The Episcopal Diocese of Louisiana invites all to come meet our honored guest the Rt. Rev. Bishop Griselda Delgado del Carpio, Bishop of Cuba, when she visits our diocese from August 15-20. Bishop Delgado will be traveling with her husband the Rev. Gerardo Logildes Coroas and her interpreter Marilyn Peterson. Continue reading for a biography on Bishop Delgado and to learn more about Camp Blankingship, a 56 year project that is a dream of the Diocese of Cuba.
Saturday, August 15 at 6:00 PM
Holy Eucharist and Welcome reception (Bishop Delgado to celebrate & preach)
St. John’s Episcopal Church, 2109 17th St., Kenner
Sunday, August 16 at 10:30 AM
Holy Eucharist (Bishop Delgado to preach)
Trinity Episcopal Church, 1329 Jackson Ave, New Orleans
Sunday, August 16 at 5:00 PM
Holy Eucharist (Bishop Delgado to preach)
St. James Episcopal Church, 205 N. Fourth St, Baton Rouge
Tuesday, August 18 at 5:00 PM (Note time change from 4:00 PM)
Meet and Greet
Christ Episcopal Church, 120 S. New Hampshire St, Covington
Biography of the Rt. Rev. Griselda Delgado del Carpio
Born to a respected patents lawyer and a loving homemaker in 1955 in La Paz, Bolivia, Maria Griselda Delgado del Carpio was educated at the Instituto Americano’s Methodist High School. She next attended the Universidad Mayor de San Andres in La Paz, graduating in 1981 with a degree in sociology. In 1982 Ms. Delgado moved to Cuba to enter the Evangelical Seminary of Theology in Matanzas, Cuba.
Griselda remained in Cuba and was ordained as a deacon in 1986. Shortly thereafter, she arrived at Itabo, Cuba, a small town with little acquaintance of Jesus Christ, to serve at a church property, with crumbling walls and no roof, known as Santa Maria Virgen. Working from a small house across the street, Deacon Griselda began introducing the townspeople to the love and hope of Christ. In 1991 Bishop Emilio Hernandez ordained Deacon Griselda as an Episcopal priest in a ceremony of ordinations that included three other women, the first four women priests of the Episcopal Church of Cuba. She continued at Santa Maria Virgen as Rectora for the next 20 years, inspiring the congregation of Santa Maria Virgen to work together to build their town temple back proud and strong, to build a self-sustaining community system of agro-ecological farms on and around the church, and to build their relationships with each other and with God.
In September 2009, the Cuban church, for the second time, failed to elect a bishop coadjutor. After 13 inconclusive ballots were cast, the choice of a coadjutor fell to the Metropolitan Council of Cuba (Bishops from USA, Canada and West Indies), which Council has governed the Cuban church in matters of faith and order since its 1967 post-Revolution separation and autonomy from the U.S.-based Episcopal Church. On February 7, 2010, The Rt. Rev. Griselda Delgado Del Carpio was consecrated as bishop coadjutor for the Diocese of Cuba and was installed later that year on November 28 as diocesan bishop of the Episcopal Church of Cuba at Holy Trinity Cathedral in Havana. She became the first woman to serve in that role as diocesan bishop of Cuba.
At the time of her ordination as bishop, the Cuban church included about 40 congregations and some 7,000 Episcopalians. “La Obispa,” as she is affectionately known, is the proud mother of three now-grown children: Griselda Edith, Lautaro, and Marcela Beatriz. She is married to Cuban-born Gerardo Logildes Coroas, a building contractor, who was recently ordained as an Episcopal priest and now serves not only as priest at the Bishop’s former parish in Itabo but also as Project Supervisor of Camp Blankingship near Santa Clara, Cuba.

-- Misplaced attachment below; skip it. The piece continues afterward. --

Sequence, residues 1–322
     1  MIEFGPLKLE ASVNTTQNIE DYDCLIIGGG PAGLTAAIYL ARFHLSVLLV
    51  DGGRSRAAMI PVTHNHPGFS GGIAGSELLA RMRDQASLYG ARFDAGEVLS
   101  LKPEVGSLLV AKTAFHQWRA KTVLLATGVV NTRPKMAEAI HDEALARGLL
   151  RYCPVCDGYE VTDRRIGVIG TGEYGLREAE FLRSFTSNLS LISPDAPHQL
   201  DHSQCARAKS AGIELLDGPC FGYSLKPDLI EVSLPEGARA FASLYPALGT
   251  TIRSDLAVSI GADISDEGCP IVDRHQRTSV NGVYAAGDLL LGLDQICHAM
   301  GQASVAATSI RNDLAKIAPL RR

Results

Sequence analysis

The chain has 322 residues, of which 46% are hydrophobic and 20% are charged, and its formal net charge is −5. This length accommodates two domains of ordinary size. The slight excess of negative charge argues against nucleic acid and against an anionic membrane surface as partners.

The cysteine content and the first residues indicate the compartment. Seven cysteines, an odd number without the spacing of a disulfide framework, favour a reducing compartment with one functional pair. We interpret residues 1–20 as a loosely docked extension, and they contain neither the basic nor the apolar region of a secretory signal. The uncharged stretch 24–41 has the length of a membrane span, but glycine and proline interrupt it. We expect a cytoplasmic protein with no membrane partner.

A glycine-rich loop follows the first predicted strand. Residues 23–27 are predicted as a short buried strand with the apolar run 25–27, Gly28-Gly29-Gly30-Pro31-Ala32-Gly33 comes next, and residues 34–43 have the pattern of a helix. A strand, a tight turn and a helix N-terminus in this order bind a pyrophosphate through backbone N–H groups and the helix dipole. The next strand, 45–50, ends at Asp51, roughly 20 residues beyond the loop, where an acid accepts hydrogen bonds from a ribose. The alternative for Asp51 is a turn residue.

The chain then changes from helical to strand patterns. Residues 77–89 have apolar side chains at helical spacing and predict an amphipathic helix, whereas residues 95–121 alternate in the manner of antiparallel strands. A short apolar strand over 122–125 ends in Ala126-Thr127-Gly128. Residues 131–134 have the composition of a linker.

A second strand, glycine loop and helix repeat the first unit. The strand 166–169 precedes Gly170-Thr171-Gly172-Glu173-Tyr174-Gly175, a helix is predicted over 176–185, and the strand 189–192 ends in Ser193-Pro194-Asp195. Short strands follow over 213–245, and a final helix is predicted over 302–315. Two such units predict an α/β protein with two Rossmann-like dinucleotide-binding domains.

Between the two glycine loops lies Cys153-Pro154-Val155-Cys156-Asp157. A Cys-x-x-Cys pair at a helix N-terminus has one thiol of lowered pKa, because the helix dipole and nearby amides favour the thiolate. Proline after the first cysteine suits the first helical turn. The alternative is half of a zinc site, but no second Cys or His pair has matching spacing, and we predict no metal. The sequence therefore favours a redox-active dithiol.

About Camp Blankingship
From the Cuba Corner
Submitted by Marilyn Peterson, July 2014
Camp Blankingship- A Dream Coming True!!
First, let’s give thanks again to the United Thank Offering for awarding to the Diocese of Florida Cuba Committee a 2014 UTO Grant of $51,750.00 for materials to begin the first year of construction of Camp Blankingship, uniquely located in the geographic center of Cuba near the colonial city of Santa Clara.
Next, to appreciate the UTO purpose for this Grant, let’s go back 55 years ago when the political landscape of Cuba was dramatically changed by the Cuban Revolution. The Rt. Rev. Alexander Hugo Blankingship was a man of God with great energy, limitless vision, and many dreams for the present and future generations of Episcopalians in Cuba. He stabilized the Episcopal Church during his episcopate (1939 -1961) by building the diocesan Cathedral campus as we know it today, that nucleus including the Cathedral Santísima Trinidad, a school, homes for the Bishop and Dean, the diocesan center, offices, classrooms, dining room, kitchen, auditorium, dormitory, and other structures located in the Vedado area of downtown Havana.
On June 25, 1959, this much beloved Bishop also had the foresight to buy 10 acres of rural farmlands (with a river running through it) for the purpose of developing his next dream for Cuban Episcopalians: a camp and conferencing center for the Episcopal Church in central Cuba, strategically accessible from both ends of the 777-mile-long nation island. The Bishop’s dream envisioned a place with dormitory cabins, activity and community centers, self-sustaining farmed lands, and a chapel, where children and youth can camp out and swim in the river on the property; where men and women of the laity and the clergy from all over Cuba can more readily convene for meetings, workshops, conferences, annual Synods, spiritual retreats; and where Cuban Episcopalians can welcome and host their foreign sisters and brothers … to eat, sleep, work, learn, play, and pray together in the Christian serenity of God’s exquisite natural surroundings.